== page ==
This week, travel startups, including rental car service Kyte, collectively announced more than $41 million in funding.
Travel Startup Funding This Week
Each week we round up travel startups that have recently received or announced funding. Please email Senior Travel Tech Editor Tim Mullaney at [email protected] if you have funding news.
This week, travel startups announced more than $41 million in funding.
>>Kyte, a rental car provider that delivers vehicles to customers, closed a $30 million round of Series A funding.
Park West Asset Management and Sterling Road led the round. Kyte’s Series A round saw participation from new and existing investors, including DN Capital, Amplo, 1984 Ventures, FundersClub, Moving Capital, Rosecliff Ventures, Seraph Group, Unpopular Ventures, Urban Innovation Fund, and the founders of German transportation unicorn, FlixBus.
The San Francisco-based startup raised a $9 million seed round in late 2020. The company, begun in 2019, is rolling out its full product vision in phases. Its eventual goal of full teleoperation and autonomous vehicle delivery.
“We envision a world where people living in cities don’t own cars and streets aren’t clogged with parked cars,” said Nikolaus Volk, co-founder.
In the meantime, the company delivers rental cars in 10 U.S. cities — namely Boston, Brooklyn, Chicago, Los Angeles, Miami, New York City, Philadelphia, San Francisco, Seattle, and Washington, D.C.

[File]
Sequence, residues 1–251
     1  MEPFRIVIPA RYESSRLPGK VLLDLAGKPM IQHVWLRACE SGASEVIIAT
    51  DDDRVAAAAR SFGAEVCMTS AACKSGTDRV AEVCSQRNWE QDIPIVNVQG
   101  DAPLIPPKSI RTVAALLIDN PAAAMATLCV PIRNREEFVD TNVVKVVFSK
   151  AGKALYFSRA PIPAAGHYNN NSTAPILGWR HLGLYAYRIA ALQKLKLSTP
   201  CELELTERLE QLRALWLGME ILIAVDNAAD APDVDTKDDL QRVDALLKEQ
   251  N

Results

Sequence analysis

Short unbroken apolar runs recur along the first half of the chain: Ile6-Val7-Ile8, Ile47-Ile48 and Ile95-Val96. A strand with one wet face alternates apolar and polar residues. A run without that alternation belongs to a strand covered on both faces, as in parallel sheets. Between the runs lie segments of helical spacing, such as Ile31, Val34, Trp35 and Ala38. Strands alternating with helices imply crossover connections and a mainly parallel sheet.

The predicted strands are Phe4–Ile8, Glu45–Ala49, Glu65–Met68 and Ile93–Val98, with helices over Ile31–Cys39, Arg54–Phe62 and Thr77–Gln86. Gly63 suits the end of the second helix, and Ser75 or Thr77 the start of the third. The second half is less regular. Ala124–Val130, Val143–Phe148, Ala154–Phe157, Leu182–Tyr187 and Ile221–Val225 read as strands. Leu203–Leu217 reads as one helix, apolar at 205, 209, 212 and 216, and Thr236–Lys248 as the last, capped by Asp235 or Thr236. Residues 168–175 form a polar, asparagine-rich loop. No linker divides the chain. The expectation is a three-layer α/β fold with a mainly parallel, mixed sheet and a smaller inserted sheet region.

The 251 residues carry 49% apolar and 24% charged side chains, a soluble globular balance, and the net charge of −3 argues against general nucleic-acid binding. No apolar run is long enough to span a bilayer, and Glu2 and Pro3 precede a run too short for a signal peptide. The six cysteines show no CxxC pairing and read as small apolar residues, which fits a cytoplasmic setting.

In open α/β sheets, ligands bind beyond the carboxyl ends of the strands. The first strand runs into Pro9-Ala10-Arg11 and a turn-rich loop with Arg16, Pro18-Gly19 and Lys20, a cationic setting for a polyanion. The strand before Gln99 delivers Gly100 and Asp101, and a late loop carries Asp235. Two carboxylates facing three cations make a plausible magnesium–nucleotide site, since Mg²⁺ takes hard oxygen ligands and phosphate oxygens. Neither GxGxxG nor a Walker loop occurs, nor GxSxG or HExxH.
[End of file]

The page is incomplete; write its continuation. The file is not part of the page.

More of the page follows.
>>Jurny, a hospitality tech company, raised an additional $9.5 million.
Mucker Capital led the round.
Jurny’s software helps small- to medium-sized operators run hotels, vacation rentals, and short-term rentals.
“Operators using Jurny’s best-in-class tech are seeing, on average, a 20 percent increase in revenue, a 50 percent decrease in overhead costs, and a doubling of net operating income within the first 30 days of implementation,” claimed Erik Rannala, co-founder and managing partner at Mucker Capital.
The startup offers channel management, point of sale, room management, facility management, marketing tools, and smart home solutions.
>>Go Zayaan, a Bangladesh-based travel startup, raised a $2.6 million seed round.
Wavemaker Partners led the round.
A news release by Go Zayaan is essentially an online travel agency. Today, its main offering is accommodations, but tomorrow it plans to add an array of products and services.
>>Airheart, a collaborative travel service, raised $250,000 in pre-seed funding.
The female-founded company is based in Austin, Texas. Its first product is an explorer tool that lets travelers input their itinerary and see restriction information in real-time.
Skift Cheat Sheet: We define a startup as a company formed to test and build a repeatable and scalable business model. Few companies meet that definition. The rare ones that do often attract venture capital. Their funding rounds come in waves.
Seed capital is money used to start a business, often led by angel investors and friends or family.
Series A financing is typically drawn from venture capitalists. The round aims to help a startup’s founders make sure that their product is something that customers truly want to buy.
Series B financing is mainly about venture capitalist firms helping a company grow faster. These fundraising rounds can assist in recruiting skilled workers and developing cost-effective marketing.
Series C financing is ordinarily about helping a company expand, such as through acquisitions. In addition to VCs, hedge funds, investment banks, and private equity firms often participate.
Series D, E, and beyond: These mainly mature businesses and the funding round may help a company prepare to go public or be acquired. A variety of types of private investors might participate.
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Photo credit: Rental car delivery by the startup Kyte. Source: Kyte.